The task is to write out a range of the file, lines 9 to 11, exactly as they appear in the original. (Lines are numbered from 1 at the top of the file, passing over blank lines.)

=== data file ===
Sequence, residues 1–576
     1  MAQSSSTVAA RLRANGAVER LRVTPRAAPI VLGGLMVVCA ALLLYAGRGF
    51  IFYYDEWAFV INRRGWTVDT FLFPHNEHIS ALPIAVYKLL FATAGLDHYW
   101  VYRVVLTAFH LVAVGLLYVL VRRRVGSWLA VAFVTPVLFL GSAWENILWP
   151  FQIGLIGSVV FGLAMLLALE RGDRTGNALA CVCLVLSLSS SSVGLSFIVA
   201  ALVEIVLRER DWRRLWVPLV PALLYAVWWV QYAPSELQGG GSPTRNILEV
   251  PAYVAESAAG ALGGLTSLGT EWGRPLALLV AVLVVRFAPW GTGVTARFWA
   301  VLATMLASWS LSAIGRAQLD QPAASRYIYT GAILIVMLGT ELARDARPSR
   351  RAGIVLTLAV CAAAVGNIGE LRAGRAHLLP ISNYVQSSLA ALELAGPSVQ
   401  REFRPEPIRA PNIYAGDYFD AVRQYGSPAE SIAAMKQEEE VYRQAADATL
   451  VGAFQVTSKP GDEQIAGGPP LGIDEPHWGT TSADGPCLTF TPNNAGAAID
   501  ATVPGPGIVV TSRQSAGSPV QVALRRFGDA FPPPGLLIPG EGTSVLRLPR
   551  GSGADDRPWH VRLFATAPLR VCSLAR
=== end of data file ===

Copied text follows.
   351  RAGIVLTLAV CAAAVGNIGE LRAGRAHLLP ISNYVQSSLA ALELAGPSVQ
   401  REFRPEPIRA PNIYAGDYFD AVRQYGSPAE SIAAMKQEEE VYRQAADATL
   451  VGAFQVTSKP GDEQIAGGPP LGIDEPHWGT TSADGPCLTF TPNNAGAAID